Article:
The sun shone at York Road as winless Maidenhead welcomed high flying Wrexham to their first home evening fixture of the season. A healthy crowd of over 1500 was swelled by close on 400 from the Dragons, a very decent effort from the Welshmen for a midweek fixture.
They were tucked into one corner of this slowly improving, yet still very much a lower league ground and they more than made themselves heard. They sang throughout as their team eased themselves to a comfortable victory, their two goals midway through the first half seeing off a spirited but ultimately inferior home side.
It is somewhat amusing to observe the somewhat strict and stringent rules at this level of football. The Wrexham supporters were cordoned off behind iron railings with only their elderly or disabled supporters being allowed entry to the seated area. Alcohol is only allowed to be consumed out of view of the pitch, so Maidenhead have erected close boarded timber fences at a couple of locations around the pitch to comply with this regulation, such fences looking more like fences dividing back gardens in suburbia. All quite ridiculous really when in Dortmund, 80,000 plus supporters are able to quite happily quaff beer both in the stands and on the terraces and, furthermore, beer sellers wander around the gangways and in front of the stands refilling punters plastic glasses. Not a hint of drunken trouble making, yet not permitted for the mighty Magpies against the Dragons for fear of a riot. Really ?
To matters on the pitch. Wrexham looked a level above. Manager Sam Ricketts has a side big on experience both at this level and in the higher echelons of the football pyramid, with a mix of early 30 somethings and hungry youngsters.
Manny Smith is an imperious centre back and recent recruit Luke Summerfield, coming off the back of two seasons at Grimsby Town, pulled the strings in the middle of the park. The young guns, in the form of 20 year olds Rekeil Pyke, on a long term loan from Premiership Huddersfield, and Jordan Maguire-Drew, on a season long loan from Premiership Brighton, added the spark.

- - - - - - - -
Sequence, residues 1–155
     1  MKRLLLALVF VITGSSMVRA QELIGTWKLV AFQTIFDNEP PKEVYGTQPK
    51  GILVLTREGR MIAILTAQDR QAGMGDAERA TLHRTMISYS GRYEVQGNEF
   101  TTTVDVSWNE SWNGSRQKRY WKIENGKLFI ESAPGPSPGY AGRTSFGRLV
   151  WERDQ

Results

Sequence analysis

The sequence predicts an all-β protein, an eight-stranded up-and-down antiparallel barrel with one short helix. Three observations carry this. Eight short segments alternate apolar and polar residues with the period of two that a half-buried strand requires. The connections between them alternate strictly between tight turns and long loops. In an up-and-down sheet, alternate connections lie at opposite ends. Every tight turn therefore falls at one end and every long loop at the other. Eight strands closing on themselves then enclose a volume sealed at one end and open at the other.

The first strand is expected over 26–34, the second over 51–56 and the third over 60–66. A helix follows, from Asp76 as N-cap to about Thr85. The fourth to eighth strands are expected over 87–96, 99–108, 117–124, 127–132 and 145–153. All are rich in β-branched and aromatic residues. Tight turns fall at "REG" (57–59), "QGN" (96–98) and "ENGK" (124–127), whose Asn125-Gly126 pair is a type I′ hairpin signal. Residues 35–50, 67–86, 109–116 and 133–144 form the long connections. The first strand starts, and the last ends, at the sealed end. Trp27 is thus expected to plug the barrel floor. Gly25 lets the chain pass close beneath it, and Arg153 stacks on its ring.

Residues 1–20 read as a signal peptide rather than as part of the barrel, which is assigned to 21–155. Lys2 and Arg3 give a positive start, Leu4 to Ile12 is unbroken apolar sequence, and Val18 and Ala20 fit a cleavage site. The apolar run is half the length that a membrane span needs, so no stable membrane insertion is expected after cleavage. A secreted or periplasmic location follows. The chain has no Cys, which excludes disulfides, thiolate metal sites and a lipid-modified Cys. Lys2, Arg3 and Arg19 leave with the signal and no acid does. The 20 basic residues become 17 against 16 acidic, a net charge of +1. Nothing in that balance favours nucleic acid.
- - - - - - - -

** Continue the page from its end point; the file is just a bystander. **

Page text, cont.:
Indeed it was Maguire-Drew’s delicious left footed curling effort into the top corner, cutting in from the right flank, which effectively sealed the match on 27 minutes after another new recruit, Mike Fondop, had volleyed in the opener only 13 minutes earlier to continue his impressive goalscoring start to the season, making the most of some uncertainty in the Maidenhead rear guard to a deep hanging cross.
Whilst Wrexham looked organised, effective and confident, Maidenhead looked quite the opposite. Results bring confidence and with only a single draw to show from their opening three matches, Maidenhead appeared tense and uncomfortable, clearly desperate for that first victory.
Football at this level can be cruel at times as Alan Devonshire, the decorated Maidenhead manager, has found. Wearing his now trade mark flat cap, “Dev” cuts a more portly frame these days, in contrast to the slender look of his illustrious playing career as a West Ham and England maestro. In non league football, a manager can only control so much and at Maidenhead, he has been something of a victim of his own success.
He took the club up to the National League and in their first season at this higher level last year, they finished in a very creditable mid table position, including five victories in their last six matches. With it came the vultures, taking arguably his side’s most attacking players. Sam Barrett went to Southend, Harry Pritchard to Blackpool and on deadline day defender cum midfielder Max Kilman has been snapped up by Wolverhampton Wanderers to join their youth set up. Only last night, ironically, Pritchard was making the headlines as he scored a glorious goal to help Blackpool beat Barnsley in the Carabao Cup.
So, even at this very early stage of the season, it is clear that Maidenhead need to gel and do so fast, otherwise they could possibly be facing a long period in the lower reaches. This would be a huge disappointment to the club, and their supporters, especially after the successes of the previous few seasons.
The problem seems most pronounced in the attacking positions where the departing players do not appear to have been adequately replaced. However, it is still very early days, and the newer recruits need some time to become familiar with each other and the gaffer’s preferred formations and style of play. That is not to say that they caved in here, far from it, for they mounted a spirited response to going behind, Adrian Clifton hit the bar with a header when it would have been easier to score and they had numerous other opportunities but just did not quite have the poise, skill or indeed luck to score. Nana Owusu and Harold Odametey, as always, caught the eye as being the Magpies most dangerous attacking threats and both Ryan Bird and Max Worsfold showed promise and have a good track record at this level of football.
No such problems exist for Wrexham thus far. They appear to be determined and a well organised outfit on a mission to return to the Football League. Time will tell but for now they are sitting pretty on top of the Vanarama National League and that’s where they will be hoping to remain.